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Northampton Symphony Orchestra concert

24 July 2014

The Northampton Symphony Orchestra Friends' Concert, each July, always feels like an 'end of term' party. This year it was also our final concert with conductor Alexander Walker. Alex has been conducting NSO since 2009 and, looking back over the past five years, he has been presided over some stunning concerts and I think he has helped to create a marked improvement in our playing. Alex has been a reassuring presence during concerts, often steering us calmly to safety when a wrong entry threatened to derail our performance. And I think we have learned a lot from his particular knowledge of, and passion for, Russian music. My personal highlights from Alex's tenure as our regular conductor include the incredible experience of playing Mahler's 'Symphony No. 6' (reviewed here in November 2011), a stunning performance of Richard Strauss’ ‘Four Last Songs’ with Katherine Crompton (featuring an exquisite horn solo in ‘September’ by David Lack) (reviewed here in November 2010), Shostakovich's immense ‘Leningrad Symphony’ (reviewed here in November 2013) and our 'Love and Death' concert earlier this year (reviewed here in February 2014) which included the Richard Strauss tone poem 'Tod und Verklärung' ('Death and Transfiguration'). Alex's final NSO programme, last Sunday, included Dvorak's tone poem 'The Water Goblin' (a lovely piece), the 'Danse Macabre' by Saint-Saens and Rimsky Korsakov's rousing 'Capriccio Espagnole'. But I most enjoyed playing Wagner's 'Siegfried Idyll' – an achingly beautiful expression of love.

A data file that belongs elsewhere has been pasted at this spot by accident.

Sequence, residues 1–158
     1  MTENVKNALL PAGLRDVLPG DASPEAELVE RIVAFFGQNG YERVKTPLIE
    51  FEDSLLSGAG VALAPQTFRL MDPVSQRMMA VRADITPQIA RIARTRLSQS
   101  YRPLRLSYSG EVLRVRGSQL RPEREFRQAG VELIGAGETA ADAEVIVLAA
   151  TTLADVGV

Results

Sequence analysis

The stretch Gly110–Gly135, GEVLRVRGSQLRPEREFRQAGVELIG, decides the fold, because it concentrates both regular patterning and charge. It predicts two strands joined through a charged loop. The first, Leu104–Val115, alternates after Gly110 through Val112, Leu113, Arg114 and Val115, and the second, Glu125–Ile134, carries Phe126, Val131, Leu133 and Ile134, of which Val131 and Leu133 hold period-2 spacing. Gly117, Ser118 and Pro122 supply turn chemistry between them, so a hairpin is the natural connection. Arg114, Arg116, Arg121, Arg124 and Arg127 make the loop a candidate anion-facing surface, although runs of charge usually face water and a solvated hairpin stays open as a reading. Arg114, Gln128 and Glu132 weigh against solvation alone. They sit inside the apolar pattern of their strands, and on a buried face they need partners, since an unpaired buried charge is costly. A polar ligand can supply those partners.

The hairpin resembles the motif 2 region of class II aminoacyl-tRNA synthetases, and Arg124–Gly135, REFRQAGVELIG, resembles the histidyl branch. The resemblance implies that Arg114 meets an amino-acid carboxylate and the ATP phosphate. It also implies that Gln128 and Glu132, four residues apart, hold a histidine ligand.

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Friday, July 18, 2014

'Piano Concerto No. 3' by Peter Lieberson

18 July 2014

The American composer, Peter Lieberson, died in 2011, leaving an extensive legacy of orchestral, chamber and vocal music. I've been listening to his 'Piano Concerto No. 3' in a new recording by by Steven Beck and the Odense orchestra, conducted by Scott Yoo. The three movements are based on poems by Pablo Neruda, St Francis of Assisi and Charles Wright. This is clearly modern classical music, but with the grandeur of a 19th century romantic concerto. Serious, thoughtful and intriguing. I look forward to exploring other music by Peter Lieberson.

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Monday, July 07, 2014

'Dinner at the Homesick Restaurant'

7 July 2014